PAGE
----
Caldecott-Winning Illustrator Jason Chin Visits Tanya Lee Stone’s Children’s Literature Class

Chin explains his new book written by Andrea Wang titled ‘Watercress.’


Jason Chin holding ‘Watercress.’ Photo from Jason Chin’s Official Facebook Page.

Watercress highlights the story of a young Chinese-American girl who feels embarrassed by certain parts of her heritage. In it, Wang shares similar experiences she had growing up as well as the experiences of her family members. Watercress earned both a Caldecott Award for best children’s book illustration and a Newbery Honor for best children’s book text this year.

In the story, she stops by a cornfield with her family to pick watercress, and she hopes no one she knows sees her as she sinks her feet deep into cold mud and fills up her paper bag. Later, when arriving home, she feels angry that her parents are trying to get her to eat the watercress. That is until her mother tells a story of the famine she lived through as a child. 

An early drawing from ‘Watercress.’ Photo from Jason Chin’s Official Facebook page.

The book is all about embracing yourself and being proud of where you came from, according to Illustrator Jason Chin. Chin currently lives in South Burlington, VT, but grew up in Brookline, MA. He is also a third generation Chinese American and felt connected to this book due to his own heritage.

Chin visited Tanya Lee Stone’s Children’s Literature class on Monday, March 28, sharing his process for developing illustrations for Watercress, what working with picture book editors and writers is like, and how research and experience impacts his illustrations.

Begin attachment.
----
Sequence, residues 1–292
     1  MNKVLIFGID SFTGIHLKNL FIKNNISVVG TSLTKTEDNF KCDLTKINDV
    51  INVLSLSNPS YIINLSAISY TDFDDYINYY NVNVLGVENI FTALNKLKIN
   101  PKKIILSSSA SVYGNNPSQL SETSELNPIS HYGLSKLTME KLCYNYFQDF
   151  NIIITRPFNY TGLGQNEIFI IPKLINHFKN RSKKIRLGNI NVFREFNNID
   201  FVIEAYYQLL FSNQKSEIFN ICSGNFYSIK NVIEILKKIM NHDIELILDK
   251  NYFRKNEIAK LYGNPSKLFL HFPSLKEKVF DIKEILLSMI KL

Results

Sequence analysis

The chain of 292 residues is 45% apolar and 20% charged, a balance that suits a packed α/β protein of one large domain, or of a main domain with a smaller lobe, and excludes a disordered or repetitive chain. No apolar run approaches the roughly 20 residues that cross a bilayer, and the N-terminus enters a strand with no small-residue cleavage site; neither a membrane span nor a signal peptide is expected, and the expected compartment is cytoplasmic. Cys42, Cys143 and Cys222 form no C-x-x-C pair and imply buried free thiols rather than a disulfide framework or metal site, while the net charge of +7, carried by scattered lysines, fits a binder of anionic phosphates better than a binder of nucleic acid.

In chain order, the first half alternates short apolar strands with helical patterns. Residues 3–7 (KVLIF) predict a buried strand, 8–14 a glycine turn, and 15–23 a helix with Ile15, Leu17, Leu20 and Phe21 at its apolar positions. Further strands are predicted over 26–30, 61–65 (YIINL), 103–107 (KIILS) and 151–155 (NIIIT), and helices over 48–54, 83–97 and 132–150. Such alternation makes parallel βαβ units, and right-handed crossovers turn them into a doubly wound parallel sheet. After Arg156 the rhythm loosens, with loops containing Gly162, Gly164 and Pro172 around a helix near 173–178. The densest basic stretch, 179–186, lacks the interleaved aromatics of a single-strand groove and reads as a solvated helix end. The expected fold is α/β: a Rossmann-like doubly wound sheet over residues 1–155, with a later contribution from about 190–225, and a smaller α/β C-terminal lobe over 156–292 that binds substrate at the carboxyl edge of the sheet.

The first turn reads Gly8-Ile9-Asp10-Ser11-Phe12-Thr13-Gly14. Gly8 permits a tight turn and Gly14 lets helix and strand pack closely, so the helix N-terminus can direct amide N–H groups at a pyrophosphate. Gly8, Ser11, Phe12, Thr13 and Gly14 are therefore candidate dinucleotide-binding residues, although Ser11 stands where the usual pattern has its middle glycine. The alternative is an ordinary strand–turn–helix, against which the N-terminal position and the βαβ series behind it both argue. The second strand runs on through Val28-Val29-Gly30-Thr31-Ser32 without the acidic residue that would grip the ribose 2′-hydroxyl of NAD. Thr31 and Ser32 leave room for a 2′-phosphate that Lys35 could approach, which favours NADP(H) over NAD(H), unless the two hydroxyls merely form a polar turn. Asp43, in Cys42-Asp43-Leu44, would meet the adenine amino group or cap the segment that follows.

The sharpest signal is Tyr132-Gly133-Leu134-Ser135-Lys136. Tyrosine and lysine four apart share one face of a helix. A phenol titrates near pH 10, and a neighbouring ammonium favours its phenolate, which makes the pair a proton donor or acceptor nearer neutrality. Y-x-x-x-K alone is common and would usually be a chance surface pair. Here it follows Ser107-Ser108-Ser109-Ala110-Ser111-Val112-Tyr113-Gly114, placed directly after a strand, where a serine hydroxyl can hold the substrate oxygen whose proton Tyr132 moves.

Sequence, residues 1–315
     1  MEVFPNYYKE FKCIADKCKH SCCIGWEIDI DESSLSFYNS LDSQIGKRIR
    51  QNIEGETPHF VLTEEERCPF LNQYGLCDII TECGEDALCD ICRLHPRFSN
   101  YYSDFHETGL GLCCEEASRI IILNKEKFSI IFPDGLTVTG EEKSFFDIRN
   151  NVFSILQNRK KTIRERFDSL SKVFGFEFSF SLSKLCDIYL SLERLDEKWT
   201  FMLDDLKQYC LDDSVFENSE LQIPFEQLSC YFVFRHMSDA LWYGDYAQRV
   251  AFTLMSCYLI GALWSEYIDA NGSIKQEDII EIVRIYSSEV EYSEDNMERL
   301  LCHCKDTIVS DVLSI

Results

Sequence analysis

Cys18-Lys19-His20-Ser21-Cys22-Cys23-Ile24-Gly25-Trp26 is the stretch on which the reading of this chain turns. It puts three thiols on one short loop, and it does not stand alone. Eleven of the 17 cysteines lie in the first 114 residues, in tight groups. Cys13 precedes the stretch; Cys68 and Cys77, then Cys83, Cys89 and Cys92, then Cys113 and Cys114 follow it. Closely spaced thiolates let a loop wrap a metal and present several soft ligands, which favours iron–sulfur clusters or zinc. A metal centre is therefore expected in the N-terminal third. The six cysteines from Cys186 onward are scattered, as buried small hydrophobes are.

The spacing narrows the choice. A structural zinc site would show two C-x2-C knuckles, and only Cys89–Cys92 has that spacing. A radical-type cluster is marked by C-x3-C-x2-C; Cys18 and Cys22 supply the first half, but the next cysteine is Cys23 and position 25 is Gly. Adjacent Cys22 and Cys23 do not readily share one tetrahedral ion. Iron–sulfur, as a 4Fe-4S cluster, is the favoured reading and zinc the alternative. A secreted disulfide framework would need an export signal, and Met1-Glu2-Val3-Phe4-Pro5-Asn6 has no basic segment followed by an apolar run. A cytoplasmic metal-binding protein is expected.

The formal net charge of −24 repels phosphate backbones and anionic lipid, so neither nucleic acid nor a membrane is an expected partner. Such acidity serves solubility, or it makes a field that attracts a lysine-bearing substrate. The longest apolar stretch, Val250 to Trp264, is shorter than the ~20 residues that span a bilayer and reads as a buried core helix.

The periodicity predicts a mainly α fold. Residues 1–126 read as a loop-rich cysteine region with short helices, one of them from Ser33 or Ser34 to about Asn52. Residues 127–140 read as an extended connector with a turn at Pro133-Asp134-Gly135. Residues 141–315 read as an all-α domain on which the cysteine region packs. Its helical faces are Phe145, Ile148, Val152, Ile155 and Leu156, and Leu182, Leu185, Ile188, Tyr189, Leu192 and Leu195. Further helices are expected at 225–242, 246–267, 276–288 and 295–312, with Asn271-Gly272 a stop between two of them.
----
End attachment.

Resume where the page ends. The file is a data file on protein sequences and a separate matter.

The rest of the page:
In illustrating Watercress, Chin began by meeting with author Andrea Wang, which isn’t typical for the picture book development process. Generally, the author and illustrator are kept completely separate.

Upon reading Wang’s manuscript and having conversations with her, Chin began storyboarding his illustrations, drawing several versions of miniature drawings on a piece of paper. From there, he created several picture book “dummies.” These allow him to picture what the drawings will look like on a page with words and understand the pacing of the story better. He was then able to create finished products.

The cornfields Chin visited for inspiration. Photo from Jason Chin’s Official Facebook page.

But his work was not solely done from storyboarding and sketching. He also researched the Chinese famine, Chinese architecture during this time period, and visited corn fields in order to accurately represent them.

Chin is also an author-illustrator of several other picture books, including Grand Canyon (which also won a Caldecott Medal), Your Place in the Universe, and Redwoods.